Belgian presidency of the Council of the European Union

Every six months, one of the 27 member states of the European Union takes the seat as the president of the Council of the EU. From 1 January to 30 June 2024, it’s Belgium’s turn to coordinate the Council’s work on European policies.

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The Council of the
European Union

In the Council of the EU, relevant government ministers from each EU country meet to discuss, amend and adopt European laws and coordinate policies. That’s why it's also called the “Council of Ministers” (or simply the “Council”).

Together with the directly elected European Parliament, the Council of the EU, consisting of government representatives, is the main decision-making body of the EU.

The Council of the EU should not be confused with the “European Council” (the quarterly summits of EU leaders) or the “Council of Europe” (intergovernmental organisation on human rights etc., not related to the EU).

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Rotating presidency

To coordinate the work of the Council of the EU, member states rotate every six months to take on the presidency. The member states work in groups of three (called a “trio”) on a common general programme for 18 months. Belgium is part of a trio with Spain and Hungary.

The main tasks of the presidency of the Council of the EU are:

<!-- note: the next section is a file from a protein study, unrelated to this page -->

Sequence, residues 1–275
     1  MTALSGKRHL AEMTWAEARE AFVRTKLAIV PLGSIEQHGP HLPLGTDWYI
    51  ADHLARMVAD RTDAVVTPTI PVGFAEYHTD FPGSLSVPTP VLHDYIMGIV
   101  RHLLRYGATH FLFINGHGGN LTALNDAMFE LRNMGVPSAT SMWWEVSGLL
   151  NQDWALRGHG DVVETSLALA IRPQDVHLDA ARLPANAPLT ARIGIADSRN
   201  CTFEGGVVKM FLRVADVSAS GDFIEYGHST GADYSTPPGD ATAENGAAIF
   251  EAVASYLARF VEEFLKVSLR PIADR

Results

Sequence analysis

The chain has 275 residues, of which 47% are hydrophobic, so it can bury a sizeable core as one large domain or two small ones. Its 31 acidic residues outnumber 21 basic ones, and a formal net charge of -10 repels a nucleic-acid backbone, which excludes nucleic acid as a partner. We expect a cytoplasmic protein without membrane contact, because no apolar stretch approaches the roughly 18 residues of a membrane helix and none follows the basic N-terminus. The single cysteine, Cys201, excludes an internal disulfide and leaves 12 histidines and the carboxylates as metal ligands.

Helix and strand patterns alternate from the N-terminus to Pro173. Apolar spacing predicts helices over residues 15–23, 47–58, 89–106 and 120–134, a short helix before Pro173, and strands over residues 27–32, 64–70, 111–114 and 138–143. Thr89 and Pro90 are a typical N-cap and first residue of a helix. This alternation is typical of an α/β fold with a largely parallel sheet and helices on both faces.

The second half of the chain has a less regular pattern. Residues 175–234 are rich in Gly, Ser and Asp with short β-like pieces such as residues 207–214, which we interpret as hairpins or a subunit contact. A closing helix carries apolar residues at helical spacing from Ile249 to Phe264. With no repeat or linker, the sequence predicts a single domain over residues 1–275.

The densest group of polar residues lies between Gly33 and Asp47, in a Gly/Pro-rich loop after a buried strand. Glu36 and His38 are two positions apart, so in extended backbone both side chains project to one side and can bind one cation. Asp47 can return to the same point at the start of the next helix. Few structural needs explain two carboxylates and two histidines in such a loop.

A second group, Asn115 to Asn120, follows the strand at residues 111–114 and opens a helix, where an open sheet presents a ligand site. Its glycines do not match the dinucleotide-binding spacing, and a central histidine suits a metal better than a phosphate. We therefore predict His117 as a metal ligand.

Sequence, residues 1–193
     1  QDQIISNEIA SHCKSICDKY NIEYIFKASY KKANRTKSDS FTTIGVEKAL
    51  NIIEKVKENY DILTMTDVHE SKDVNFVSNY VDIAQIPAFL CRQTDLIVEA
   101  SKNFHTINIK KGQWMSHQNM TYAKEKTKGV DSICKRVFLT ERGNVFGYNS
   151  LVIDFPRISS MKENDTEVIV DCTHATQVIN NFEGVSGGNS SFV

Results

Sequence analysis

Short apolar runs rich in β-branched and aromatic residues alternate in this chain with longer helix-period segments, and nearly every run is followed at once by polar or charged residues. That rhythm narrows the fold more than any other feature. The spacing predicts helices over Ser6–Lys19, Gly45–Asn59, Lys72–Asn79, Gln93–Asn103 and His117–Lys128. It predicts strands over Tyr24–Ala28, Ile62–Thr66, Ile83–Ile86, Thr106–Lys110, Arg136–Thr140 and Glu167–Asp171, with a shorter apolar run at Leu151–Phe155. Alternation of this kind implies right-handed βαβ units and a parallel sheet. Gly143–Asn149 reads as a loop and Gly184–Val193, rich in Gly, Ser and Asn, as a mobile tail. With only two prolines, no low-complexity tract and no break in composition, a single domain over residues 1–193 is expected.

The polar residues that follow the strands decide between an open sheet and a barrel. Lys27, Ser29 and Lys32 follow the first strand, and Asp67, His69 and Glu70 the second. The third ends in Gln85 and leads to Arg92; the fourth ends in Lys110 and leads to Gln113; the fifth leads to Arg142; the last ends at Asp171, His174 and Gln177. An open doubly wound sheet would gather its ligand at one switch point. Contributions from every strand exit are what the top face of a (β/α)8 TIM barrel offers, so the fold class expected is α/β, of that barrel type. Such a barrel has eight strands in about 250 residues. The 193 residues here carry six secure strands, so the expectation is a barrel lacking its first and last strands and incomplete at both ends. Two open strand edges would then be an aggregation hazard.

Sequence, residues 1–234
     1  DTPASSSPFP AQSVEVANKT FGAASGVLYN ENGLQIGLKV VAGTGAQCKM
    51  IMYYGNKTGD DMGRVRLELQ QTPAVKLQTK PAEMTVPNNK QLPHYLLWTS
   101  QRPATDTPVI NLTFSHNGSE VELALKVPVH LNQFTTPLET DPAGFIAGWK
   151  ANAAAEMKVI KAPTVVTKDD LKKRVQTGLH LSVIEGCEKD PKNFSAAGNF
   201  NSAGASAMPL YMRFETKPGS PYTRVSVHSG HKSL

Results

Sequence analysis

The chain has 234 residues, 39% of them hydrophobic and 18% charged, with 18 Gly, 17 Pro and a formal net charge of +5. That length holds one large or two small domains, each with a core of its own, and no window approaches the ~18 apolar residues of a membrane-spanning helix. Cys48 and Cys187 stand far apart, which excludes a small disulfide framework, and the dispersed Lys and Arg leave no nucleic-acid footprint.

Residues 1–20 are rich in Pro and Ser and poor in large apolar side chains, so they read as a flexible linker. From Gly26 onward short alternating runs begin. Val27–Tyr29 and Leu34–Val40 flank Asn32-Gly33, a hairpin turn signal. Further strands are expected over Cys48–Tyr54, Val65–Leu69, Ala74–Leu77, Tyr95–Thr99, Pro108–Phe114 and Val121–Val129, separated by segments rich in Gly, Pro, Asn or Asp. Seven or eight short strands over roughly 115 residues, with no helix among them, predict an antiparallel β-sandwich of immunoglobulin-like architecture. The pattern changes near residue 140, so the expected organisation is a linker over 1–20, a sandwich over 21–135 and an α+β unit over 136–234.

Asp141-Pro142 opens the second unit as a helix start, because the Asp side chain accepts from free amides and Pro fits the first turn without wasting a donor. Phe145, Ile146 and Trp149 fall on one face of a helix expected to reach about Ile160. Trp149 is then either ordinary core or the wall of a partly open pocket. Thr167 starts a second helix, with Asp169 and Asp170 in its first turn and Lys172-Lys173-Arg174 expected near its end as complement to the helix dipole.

• organising and leading Council meetings in 10 different Council configurations depending on the topic, e.g. education, youth, culture and sport,
  • preparing these Council meetings through more than 230 thematic working groups and even more formal/informal meetings,
  • representing the Council of the EU in dealings with the European Commission and the European Parliament to push policy forward.

The Belgian Presidency and youth

During the Belgian Presidency, the areas of work are divided between the communities/regions and the federal level, depending on the topic. But even where one community/region takes the lead, it liaises with the other communities/regions to agree on a shared Belgian approach.

The Flemish community leads on youth affairs and culture, for instance. The French Community coordinates work on education and sport.

Belgium has the responsibility of following up on the EU “rolling agenda” in the field of youth and the EU Youth Strategy. Our task in this area is to guarantee continuity in European youth policy processes, working with the Member States and EU institutions such as the European Commission.

The Belgian presidency will continue with the policy development already in progress:

Apart from these ongoing policy developments, Belgium will also focus on several specific points.

Our goals
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Our Green and Ethical framework

The choices we made and why we made them.

Green and Ethical framework
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